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Myths And Misconceptions Surrounding Mental Health Disorders

There are lots of mistaken beliefs and wrong ideas about mental health disorders, and driving away these myths can help break the stigma around victims. According to an article published by United Nations Independent Children Emergency Fund (UNICEF), here are some myths and its truth.

1. If a person has a mental health condition, it means the person is slow and has low intelligence

This is so not true because mental illness like physical illness can affect just about anyone regardless of age group, social class or intelligence.

2. People with mental conditions cannot work

It is an old myth that people with mental health issues cannot be useful members of the workforce. This is actually wrong because there are individuals who have and maintain jobs despite being saddled with a mental health issue.

3. Mental health problems are a sign of weakness.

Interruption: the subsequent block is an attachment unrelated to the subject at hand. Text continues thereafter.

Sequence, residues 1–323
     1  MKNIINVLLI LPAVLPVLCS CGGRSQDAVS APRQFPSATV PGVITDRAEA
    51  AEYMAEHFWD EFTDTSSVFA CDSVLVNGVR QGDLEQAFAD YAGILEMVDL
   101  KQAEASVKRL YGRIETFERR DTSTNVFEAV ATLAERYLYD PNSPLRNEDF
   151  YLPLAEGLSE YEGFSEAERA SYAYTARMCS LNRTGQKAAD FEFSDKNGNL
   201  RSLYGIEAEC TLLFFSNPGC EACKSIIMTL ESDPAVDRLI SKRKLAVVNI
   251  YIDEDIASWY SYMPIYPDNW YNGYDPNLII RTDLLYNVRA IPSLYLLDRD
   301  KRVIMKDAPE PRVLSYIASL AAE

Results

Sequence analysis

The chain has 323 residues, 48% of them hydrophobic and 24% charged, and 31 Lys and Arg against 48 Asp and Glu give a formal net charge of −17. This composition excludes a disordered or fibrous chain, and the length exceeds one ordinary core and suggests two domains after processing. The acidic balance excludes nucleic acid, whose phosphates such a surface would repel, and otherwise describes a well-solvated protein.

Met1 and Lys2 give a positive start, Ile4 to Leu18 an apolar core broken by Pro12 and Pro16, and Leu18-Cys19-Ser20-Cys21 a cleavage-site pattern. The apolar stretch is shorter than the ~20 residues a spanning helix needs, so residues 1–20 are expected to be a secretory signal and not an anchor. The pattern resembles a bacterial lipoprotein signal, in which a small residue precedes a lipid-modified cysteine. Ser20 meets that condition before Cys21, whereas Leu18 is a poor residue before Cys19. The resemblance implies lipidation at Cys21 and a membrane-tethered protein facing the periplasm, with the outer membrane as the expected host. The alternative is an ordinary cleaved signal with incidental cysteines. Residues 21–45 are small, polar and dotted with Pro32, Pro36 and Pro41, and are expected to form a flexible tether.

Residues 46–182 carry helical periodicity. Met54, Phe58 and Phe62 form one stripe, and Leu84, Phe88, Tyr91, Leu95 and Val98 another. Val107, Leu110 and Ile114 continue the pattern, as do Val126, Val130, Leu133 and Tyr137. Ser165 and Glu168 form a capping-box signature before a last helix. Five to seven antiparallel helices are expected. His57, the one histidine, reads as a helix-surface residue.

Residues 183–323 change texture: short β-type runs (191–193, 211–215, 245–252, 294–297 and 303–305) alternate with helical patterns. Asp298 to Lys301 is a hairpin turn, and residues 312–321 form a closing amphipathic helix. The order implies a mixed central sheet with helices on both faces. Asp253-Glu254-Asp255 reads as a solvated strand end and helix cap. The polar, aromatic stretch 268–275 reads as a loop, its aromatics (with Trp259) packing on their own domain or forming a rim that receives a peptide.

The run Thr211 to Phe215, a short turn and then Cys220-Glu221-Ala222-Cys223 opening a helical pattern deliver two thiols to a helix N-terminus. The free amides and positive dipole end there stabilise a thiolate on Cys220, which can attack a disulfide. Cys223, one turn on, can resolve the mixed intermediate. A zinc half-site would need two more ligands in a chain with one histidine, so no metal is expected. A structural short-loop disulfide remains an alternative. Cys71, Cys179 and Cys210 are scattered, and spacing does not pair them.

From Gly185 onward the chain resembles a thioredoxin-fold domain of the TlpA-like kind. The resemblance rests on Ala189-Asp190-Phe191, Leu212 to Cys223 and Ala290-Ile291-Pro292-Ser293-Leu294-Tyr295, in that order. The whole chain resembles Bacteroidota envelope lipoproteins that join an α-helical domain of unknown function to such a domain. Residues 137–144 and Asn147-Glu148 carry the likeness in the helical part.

Fighting a mental health condition takes a great deal of strength. That doesn't mean it is a sign of weakness. Mental health disorders are illnesses, not signs of poor character.

4. People who need psychiatric care should be locked away in institutions

This is wrong! Today most people can lead productive lives and within their communities without constituting a nuisance, thanks to a variety of support groups and programs

5. Bad parenting causes mental conditions in adolescents

This is false because a lot of factors like poverty, exposure to violence and other adverse circumstances can influence the mental health of adolescents.

6. Adolescents who get good grades and have a lot of friends will not have mental health conditions

No matter how good you've got life going on for you, it is still highly possible to fall deep into depression. Moreover, young people doing well in school may feel pressure to succeed which can cause anxiety or depression.

7. Nothing can be done to protect people from developing mental health conditions

Many factors can actually protect people from declining mental health. For example, healthy sleep patterns, developing warm relationships, and seeking support early on.

Source: United Nations Independent Children Emergency Fund (UNICEF)

Content created and supplied by: Georgiapens (via Opera News )

United Nations Independent Children Emergency Fund


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